The regional level presents a special challenge because this is one area in which few models of cooperation presently exist. Bishops who live within a given region of North America should meet and concelebrate regularly. They should coordinate activities, encourage clergy, and laity to get to know one another and to work together and initiate concrete joint programs. In essence, they should duplicate regionally what SCOBA has pioneered on the continental level for the past thirty-three years.

The local level is where the greatest diversity of models presently exists. These range from very informal clergy or lay associations to highly structured clergy brotherhoods or clergy and lay councils of churches. The bishops of a given region should continue to encourage the clergy and laity of their parishes to work together with other parishes in their area. Without imposing any one model, bishops should seek to formalize and regularize those models that already exist. In areas where there are as yet no such structures, bishops should work with the clergy and laity to develop a model that is appropriate in that locality. The principle is to encourage diverse models within a canonical ecclesiological framework.

The Church in North America also benefits from our various monastic communities. Their meeting together should be encouraged by their hierarchs so monastics might share their spiritual experience and wisdom with one another and with the whole Church of a given region.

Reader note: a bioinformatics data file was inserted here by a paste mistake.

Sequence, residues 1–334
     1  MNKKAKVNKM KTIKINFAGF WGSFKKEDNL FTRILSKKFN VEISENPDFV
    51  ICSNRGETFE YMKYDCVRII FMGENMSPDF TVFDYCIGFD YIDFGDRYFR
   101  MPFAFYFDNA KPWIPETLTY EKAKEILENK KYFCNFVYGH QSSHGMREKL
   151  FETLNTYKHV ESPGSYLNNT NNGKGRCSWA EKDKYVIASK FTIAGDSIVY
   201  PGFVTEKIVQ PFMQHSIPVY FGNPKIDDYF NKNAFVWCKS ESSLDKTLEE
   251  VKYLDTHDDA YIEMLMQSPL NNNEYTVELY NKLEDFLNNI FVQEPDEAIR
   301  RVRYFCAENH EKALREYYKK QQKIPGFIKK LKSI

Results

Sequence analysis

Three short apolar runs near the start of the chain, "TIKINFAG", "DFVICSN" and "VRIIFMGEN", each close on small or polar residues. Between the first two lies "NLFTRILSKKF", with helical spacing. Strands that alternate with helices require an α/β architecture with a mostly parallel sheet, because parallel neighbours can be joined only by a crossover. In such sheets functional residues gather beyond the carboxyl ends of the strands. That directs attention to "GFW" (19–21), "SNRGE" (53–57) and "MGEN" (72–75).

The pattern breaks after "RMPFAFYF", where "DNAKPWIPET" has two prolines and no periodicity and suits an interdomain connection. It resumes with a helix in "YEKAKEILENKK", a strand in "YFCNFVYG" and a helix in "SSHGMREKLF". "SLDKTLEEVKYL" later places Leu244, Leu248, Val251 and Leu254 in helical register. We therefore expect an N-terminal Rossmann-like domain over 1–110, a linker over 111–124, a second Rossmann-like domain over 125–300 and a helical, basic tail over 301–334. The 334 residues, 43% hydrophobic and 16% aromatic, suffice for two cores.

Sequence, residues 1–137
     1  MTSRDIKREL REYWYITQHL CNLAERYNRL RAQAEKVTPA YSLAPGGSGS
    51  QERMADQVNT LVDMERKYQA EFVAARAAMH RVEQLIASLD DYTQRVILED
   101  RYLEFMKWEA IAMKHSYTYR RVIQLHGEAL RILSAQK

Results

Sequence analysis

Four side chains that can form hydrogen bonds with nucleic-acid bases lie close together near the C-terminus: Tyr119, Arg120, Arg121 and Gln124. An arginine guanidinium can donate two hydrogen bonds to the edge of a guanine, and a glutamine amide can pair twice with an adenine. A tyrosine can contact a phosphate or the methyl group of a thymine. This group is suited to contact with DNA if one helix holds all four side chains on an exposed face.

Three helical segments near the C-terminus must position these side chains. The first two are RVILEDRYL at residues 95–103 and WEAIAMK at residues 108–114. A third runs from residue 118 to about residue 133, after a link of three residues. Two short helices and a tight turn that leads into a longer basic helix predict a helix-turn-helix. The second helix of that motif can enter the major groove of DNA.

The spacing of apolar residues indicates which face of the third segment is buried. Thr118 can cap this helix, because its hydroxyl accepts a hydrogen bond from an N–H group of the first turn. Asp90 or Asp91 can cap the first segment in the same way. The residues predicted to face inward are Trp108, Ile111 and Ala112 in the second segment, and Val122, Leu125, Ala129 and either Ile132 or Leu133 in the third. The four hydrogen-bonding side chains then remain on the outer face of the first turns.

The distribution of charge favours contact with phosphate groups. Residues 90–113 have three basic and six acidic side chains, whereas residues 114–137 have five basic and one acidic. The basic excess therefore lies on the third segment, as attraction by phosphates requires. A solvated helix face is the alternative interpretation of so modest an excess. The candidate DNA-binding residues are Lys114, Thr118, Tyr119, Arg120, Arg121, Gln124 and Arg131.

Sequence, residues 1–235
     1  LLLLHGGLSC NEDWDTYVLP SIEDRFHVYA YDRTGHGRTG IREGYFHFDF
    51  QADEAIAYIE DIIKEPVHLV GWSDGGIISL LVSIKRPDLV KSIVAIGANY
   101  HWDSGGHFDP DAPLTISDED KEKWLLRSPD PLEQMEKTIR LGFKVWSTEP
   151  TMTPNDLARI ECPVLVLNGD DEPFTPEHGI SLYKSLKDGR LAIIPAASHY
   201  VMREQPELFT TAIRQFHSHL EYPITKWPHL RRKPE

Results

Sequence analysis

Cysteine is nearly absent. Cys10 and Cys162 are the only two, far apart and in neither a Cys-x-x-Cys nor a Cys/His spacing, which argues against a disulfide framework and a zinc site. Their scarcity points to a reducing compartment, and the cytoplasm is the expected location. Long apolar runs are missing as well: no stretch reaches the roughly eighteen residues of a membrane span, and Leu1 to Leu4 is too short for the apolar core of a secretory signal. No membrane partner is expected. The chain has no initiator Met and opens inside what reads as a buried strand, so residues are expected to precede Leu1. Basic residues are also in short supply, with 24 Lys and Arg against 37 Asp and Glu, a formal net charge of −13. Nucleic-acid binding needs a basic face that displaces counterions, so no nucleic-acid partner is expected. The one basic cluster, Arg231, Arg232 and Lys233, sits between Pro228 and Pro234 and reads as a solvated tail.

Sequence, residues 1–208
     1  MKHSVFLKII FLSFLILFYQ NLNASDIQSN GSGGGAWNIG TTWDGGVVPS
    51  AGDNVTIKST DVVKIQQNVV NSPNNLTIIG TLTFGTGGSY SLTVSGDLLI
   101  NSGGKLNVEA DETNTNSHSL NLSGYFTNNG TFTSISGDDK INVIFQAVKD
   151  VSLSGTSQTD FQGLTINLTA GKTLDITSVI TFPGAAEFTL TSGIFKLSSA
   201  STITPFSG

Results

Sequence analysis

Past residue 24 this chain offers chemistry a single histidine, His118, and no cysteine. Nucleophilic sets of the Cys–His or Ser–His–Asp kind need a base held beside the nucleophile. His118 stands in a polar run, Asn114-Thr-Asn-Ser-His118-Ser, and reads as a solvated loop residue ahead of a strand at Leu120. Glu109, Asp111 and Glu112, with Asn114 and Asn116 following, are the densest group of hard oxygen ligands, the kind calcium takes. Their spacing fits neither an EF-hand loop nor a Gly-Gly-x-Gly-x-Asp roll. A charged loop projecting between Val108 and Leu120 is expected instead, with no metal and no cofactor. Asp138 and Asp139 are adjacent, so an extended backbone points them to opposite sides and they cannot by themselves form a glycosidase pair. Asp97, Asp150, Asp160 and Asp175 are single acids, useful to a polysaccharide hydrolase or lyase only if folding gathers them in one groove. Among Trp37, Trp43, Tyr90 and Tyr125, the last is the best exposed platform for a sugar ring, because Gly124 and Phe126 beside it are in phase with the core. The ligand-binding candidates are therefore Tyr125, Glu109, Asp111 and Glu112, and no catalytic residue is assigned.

We would like to emphasize again: this is presented as a broad outline or framework within which the whole Church in North America can grow to manifest the deep unity of faith that we share in our Lord Jesus Christ, the Father who sent Him, and the Holy Spirit who continually makes Him known to us. The visible unity of the Church is a profound witness of our love for Him and for one another.

Finally, we would like to thank and bless our Christ-loving flocks: the pious priests, deacons, monastics, and laity -- who, praying and laboring together, incarnate the oneness which our Church on this continent already enjoys. We ask for their prayers and support, as we pledge to work with them for the glory of God and His Holy Church.

Antiochian Village
Ligonier, Pennsylvania
November 30 - December 2, 1994


Adopted Text